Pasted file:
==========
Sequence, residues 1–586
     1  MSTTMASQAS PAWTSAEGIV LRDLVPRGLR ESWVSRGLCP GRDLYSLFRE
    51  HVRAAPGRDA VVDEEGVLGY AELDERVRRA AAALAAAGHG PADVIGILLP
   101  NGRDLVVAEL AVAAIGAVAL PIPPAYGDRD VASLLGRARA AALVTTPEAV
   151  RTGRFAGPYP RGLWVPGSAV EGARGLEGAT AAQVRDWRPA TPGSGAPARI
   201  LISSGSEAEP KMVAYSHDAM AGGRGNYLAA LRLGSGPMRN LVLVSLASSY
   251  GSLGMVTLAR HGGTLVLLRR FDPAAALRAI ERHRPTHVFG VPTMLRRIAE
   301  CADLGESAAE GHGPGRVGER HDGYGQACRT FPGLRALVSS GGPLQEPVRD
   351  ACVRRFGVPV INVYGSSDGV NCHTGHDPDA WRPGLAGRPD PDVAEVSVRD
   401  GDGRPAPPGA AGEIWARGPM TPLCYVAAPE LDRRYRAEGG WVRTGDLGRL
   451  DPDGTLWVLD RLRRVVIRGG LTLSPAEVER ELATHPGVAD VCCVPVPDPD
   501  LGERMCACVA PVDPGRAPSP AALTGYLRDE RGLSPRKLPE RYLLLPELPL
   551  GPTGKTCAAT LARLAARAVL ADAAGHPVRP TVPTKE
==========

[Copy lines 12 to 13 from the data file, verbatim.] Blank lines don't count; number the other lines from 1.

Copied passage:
   501  LGERMCACVA PVDPGRAPSP AALTGYLRDE RGLSPRKLPE RYLLLPELPL
   551  GPTGKTCAAT LARLAARAVL ADAAGHPVRP TVPTKE